Air Taxis Could Be the Next Big Thing in Aviation

New Delhi,July 22, 2018:  Airliners are not a very elegant solution to the problem of mass transit. While they’re great at covering long distances at high speed, and are reasonably efficiently in terms of passenger-mile, take-offs and landings are loud and fuel-inefficient.

Helicopters, meanwhile, have a spot landing capability, which means they can access crowded urban areas, but this advantage over airplanes is compromised by their noise, which makes city-center heliports unpopular with planners. Helicopters are also slow and burn a lot of fuel.

These factors have created buzz around the proposed new class of electric vertical take-off and landing (eVTOL) aircraft—they pollute less; don’t need a lot of space to land; and, because they’re quieter than traditional aircraft, their landing sites can be closer to where people actually want to go.

Signs that these aircraft may be the next big thing in aviation were evident at this week’s Farnborough Airshow, the U.K.’s biggest showcase of flying machines and technology. Rolls-Royce announced an air taxi concept, a vertical takeoff aircraft that can carry up to five passengers, using six propellers driven by electric motors for lift in helicopter mode and thrust in airplane mode. But best of all, it uses technology that already exists.

Rolls-Royce calls this a hybrid. The motors run off a battery, but an onboard gas-turbine engine keeps the battery charged. So a 500-mile range without stopping to refuel sounds entirely plausible.

The propellers are mounted on tilting wings and a tilting tail—they are aligned vertically for a landing, then transition to horizontal for cruising once in the air. The wing takes part of the load in cruise mode, leaving more power for going fast. Rolls-Royce says the craft can reach a realistic-sounding 250 miles per hour according to barrons.com.

 Increased Interest in Flying Taxis

Rolls-Royce is not the only traditional aviation company in this sphere. Uber’s interest in flying cars has helped boost interest in piloted or autonomous urban mobility solutions. Brazilian plane maker Embraer, whose new airliners partnership with Boeing was formally announced at Farnborough, unveiled an eVTOL concept at the Uber Elevate conference in Los Angeles back in May.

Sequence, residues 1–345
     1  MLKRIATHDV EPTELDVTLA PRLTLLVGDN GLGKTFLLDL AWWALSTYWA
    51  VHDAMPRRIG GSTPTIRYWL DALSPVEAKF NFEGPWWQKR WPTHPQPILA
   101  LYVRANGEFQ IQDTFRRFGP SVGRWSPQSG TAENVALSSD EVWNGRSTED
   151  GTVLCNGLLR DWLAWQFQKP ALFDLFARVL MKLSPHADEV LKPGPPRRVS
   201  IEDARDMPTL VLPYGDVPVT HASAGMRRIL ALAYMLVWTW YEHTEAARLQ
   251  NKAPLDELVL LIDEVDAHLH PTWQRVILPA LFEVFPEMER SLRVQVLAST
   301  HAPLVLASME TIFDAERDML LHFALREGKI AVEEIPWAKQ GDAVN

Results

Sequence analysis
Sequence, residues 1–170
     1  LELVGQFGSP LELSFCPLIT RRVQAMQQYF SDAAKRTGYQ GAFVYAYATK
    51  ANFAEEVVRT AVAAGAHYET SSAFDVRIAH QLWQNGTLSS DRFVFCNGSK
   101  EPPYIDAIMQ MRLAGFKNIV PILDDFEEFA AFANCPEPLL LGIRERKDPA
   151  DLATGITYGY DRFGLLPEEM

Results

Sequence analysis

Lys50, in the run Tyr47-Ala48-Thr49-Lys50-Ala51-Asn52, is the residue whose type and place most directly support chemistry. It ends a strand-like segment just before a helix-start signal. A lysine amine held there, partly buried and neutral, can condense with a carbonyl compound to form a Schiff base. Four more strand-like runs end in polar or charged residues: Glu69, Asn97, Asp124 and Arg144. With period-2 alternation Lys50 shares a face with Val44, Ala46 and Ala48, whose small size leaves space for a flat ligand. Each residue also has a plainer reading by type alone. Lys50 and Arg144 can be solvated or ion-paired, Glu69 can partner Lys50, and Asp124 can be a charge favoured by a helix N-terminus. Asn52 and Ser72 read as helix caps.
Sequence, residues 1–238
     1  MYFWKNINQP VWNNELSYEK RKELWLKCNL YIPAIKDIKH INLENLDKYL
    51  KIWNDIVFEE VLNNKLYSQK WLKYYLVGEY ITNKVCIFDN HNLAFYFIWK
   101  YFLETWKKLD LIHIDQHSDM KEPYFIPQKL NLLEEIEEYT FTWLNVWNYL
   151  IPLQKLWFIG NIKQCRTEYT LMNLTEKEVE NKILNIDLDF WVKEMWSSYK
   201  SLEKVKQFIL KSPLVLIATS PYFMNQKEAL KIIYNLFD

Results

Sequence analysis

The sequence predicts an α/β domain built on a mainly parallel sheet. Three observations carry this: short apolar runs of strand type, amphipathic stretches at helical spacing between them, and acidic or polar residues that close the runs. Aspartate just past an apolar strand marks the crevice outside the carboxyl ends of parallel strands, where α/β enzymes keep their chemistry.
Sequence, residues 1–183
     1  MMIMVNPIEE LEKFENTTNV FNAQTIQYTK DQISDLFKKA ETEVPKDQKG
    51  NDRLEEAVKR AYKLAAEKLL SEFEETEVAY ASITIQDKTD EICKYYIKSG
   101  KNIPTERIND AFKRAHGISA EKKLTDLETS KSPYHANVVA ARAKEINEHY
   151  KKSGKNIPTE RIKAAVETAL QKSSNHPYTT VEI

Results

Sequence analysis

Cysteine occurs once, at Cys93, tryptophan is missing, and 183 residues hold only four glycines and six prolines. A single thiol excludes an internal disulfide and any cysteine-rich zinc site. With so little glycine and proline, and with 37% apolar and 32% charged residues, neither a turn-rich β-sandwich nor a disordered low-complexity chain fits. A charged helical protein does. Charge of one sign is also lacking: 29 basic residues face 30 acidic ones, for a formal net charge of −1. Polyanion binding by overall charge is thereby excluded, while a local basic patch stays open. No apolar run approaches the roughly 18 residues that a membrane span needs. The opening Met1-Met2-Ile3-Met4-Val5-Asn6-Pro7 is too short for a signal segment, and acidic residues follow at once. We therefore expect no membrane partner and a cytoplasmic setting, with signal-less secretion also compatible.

Bell, the U.S. helicopter maker, is teaming up with French turbine company Safran to devise a hybrid propulsion system that will form part of the air taxi vision of Uber Elevate.

Meanwhile, Airbus, the European maker of airliners and helicopters, flew its Vahana all-electric, autonomous eVTOL aircraft for the first time this year. It is also working on the drone-like CityAirbus, which would be piloted initially but is intended to be autonomous.

But despite bullish promises from Uber—flying taxi demonstrations by 2020 and commercial operations by 2023, with Dallas, Los Angeles, and perhaps Dubai as test cities—there are fundamental issues still to be solved.

Technology for unpiloted air taxis is far from perfected. Then there’s the problems of rules and technology required to ensure the safe movement of swarms of drones in cities.

Some of the most seasoned industry watchers are skeptical about the most fanciful air taxi concepts. Richard Aboulafia, vice-president of analysis at the Virginia-based Teal Group, asks: “If this is such a great idea, why not prove it with existing technology?”

That’s exactly what Rolls-Royce is trying to do.

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